The Mechanix TAA Tactical Gloves are mostly great for overall use. It’s comfortable and most of all very affordable. It may call for some adjustments, but if your needs are not very specific, a pair of these would be very handy.
Mechanix M-Pact 3 Tactical Gloves
The M-Pact line has seen a few revisions since its original introduction. The current model, inspired by the earlier designs, is a blend of the first two. It retained and increased the knuckle reinforcing of the original model. It also got the accordion-style padding of the M-Pact 2 but moved them to the fingers instead.
I wore the original M-Pact when I worked at a repair shop, so I was curious to see how the M-Pact 3 would fare as a shooting glove. Like the “Original Tactical,” the M-Pact 3 Tactical uses the same color for the writing and the glove itself. This one has an ID tag on it where you can write your name, which is a nice touch.
Based on the Mechanix chart, I’m a medium. The hand width is true to size, and it has a snugger fit than the TAA Tactical glove. It’s preferable, especially since this glove has more padding and reinforcement.
Like the Mechanix Original, it’s a bit long in the thumb and feels like there’s less excess material. Then again, not everyone has the same hands and it might be the right length for you.
The real polarizing difference these gloves have would be the rubber knuckle protection. It’s a great feature, and it does have a cavity for your knuckles to settle into. For me, it falls in the right place when I make a fist. I would highly recommend trying them on in person to make sure they do for you too.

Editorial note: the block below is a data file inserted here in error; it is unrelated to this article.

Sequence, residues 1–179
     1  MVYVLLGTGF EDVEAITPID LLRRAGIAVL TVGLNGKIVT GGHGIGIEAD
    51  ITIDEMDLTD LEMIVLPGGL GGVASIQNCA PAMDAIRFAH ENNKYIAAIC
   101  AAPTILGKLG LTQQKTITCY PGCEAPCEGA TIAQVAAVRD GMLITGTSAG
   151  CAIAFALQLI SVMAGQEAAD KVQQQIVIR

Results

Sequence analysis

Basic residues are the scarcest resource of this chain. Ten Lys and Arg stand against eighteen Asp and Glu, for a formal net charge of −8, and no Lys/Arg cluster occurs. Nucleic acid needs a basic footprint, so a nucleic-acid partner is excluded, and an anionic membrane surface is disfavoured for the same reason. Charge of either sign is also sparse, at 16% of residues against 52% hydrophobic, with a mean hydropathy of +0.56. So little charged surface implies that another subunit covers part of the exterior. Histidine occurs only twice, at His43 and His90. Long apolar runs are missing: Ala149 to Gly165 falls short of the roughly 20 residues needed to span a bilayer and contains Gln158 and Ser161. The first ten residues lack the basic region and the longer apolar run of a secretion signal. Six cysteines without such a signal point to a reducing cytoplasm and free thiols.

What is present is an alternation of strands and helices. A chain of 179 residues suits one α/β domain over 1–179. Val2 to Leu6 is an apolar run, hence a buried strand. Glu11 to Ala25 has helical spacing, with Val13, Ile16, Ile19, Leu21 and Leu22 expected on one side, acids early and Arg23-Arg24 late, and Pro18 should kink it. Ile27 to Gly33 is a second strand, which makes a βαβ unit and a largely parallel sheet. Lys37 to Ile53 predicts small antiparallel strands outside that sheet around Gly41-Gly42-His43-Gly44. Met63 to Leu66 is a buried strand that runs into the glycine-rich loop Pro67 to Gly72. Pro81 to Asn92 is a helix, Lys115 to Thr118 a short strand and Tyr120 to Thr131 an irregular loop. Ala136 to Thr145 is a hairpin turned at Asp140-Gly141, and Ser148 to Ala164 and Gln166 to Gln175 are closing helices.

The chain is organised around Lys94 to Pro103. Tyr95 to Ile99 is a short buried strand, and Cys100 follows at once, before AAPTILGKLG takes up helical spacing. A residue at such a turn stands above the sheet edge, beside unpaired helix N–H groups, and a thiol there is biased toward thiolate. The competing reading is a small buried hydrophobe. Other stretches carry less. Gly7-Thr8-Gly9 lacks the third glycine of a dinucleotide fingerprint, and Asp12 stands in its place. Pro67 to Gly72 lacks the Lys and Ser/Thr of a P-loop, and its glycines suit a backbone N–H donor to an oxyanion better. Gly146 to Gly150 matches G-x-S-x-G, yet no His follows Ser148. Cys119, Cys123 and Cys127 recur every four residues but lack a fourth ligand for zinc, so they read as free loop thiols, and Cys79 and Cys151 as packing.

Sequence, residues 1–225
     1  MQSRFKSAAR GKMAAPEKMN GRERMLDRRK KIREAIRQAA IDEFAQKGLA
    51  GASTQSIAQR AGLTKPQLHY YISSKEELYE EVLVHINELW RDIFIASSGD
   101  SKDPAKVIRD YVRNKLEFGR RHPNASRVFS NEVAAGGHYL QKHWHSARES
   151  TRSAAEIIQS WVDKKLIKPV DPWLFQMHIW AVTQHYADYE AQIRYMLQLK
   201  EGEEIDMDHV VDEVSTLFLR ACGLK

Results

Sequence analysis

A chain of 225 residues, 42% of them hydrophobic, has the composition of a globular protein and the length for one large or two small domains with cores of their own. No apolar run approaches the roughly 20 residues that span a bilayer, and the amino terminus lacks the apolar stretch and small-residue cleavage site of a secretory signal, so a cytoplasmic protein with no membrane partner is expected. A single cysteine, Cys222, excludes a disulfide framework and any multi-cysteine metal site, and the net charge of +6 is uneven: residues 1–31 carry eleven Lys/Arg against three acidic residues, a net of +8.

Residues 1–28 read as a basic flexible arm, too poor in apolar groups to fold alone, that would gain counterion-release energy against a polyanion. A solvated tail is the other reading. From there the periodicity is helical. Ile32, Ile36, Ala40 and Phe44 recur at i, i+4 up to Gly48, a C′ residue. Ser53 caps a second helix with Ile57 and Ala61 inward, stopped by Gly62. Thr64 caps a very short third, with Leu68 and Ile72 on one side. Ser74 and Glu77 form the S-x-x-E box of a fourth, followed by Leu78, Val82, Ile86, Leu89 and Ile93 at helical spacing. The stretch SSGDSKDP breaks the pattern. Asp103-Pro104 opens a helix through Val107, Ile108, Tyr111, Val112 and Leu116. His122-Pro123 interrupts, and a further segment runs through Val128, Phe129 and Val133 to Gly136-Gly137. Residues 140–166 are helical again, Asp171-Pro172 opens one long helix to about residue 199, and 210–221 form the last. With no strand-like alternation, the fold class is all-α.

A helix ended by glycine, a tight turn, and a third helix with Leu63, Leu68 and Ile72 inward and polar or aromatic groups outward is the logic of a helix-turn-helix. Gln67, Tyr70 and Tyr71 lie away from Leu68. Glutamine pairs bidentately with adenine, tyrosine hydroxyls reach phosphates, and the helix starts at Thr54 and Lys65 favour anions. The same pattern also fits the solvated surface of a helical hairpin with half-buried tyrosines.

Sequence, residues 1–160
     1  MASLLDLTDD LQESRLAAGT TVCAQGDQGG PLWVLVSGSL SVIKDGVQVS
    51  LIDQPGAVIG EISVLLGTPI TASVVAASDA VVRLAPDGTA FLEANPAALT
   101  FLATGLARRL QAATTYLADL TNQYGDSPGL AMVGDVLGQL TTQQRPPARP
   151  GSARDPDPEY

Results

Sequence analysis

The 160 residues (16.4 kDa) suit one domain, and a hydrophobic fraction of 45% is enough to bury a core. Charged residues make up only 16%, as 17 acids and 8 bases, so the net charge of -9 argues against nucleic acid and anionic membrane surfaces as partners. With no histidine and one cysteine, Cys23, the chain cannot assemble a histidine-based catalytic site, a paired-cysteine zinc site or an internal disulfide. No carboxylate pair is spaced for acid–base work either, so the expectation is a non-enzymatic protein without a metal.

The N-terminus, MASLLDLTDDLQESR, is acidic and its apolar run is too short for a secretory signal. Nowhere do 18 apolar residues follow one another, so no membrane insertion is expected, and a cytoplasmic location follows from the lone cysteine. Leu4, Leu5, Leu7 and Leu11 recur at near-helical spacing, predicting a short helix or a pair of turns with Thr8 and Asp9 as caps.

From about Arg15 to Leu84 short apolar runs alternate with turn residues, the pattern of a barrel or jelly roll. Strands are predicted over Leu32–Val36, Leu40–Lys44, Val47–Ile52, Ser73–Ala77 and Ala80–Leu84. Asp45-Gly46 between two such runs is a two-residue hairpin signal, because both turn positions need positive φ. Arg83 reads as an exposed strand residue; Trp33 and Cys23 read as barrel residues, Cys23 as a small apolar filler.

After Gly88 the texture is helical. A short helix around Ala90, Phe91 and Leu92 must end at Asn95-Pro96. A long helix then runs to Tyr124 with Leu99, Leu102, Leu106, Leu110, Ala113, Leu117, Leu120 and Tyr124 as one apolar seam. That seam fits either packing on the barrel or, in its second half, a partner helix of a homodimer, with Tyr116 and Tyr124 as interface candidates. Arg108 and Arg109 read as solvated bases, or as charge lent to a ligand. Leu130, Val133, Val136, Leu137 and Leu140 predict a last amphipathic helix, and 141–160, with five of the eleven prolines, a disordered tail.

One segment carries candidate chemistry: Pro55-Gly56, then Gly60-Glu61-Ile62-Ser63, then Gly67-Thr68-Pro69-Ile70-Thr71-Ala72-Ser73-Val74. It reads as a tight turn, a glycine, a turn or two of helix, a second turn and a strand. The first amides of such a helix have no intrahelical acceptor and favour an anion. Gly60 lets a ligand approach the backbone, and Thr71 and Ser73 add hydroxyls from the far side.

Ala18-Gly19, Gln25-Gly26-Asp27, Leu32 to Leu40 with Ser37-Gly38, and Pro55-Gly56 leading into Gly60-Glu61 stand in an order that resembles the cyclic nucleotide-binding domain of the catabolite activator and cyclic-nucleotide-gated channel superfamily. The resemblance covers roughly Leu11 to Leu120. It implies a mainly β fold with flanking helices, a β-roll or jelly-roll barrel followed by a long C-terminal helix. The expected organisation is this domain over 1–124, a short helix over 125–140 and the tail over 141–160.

When shooting, the M-Pact 3 gloves felt noticeably thicker than the other gloves on the list. But since they fit fairly snug, I didn’t notice any reduced control or slipping.
At first, I thought that the reinforced knuckle might interfere with my grip on the pistol. Impressively, it didn’t. The material on the index finger is thicker, or at least not as soft as the other gloves. Because of that, there isn’t as much tactile feedback when operating the gun.
The gloves have striations on the tips of the thumb, index, middle, and ring finger, which add a little extra grip. They made a more noticeable difference on my support hand. This will help maintain rearward pressure on guns with more significant recoil.
There was very little handguard heat transfer when shooting a few magazines back to back. Holding the barrel briefly was possible too. I would certainly consider these gloves the best at resisting heat on the list.
Despite being the thickest gloves I tested, they did a decent job at tasks requiring some dexterity like loading a magazine. The texturing helped prevent things from slipping out of the palm. Aside from that, the finger striations made picking up rounds easier as well.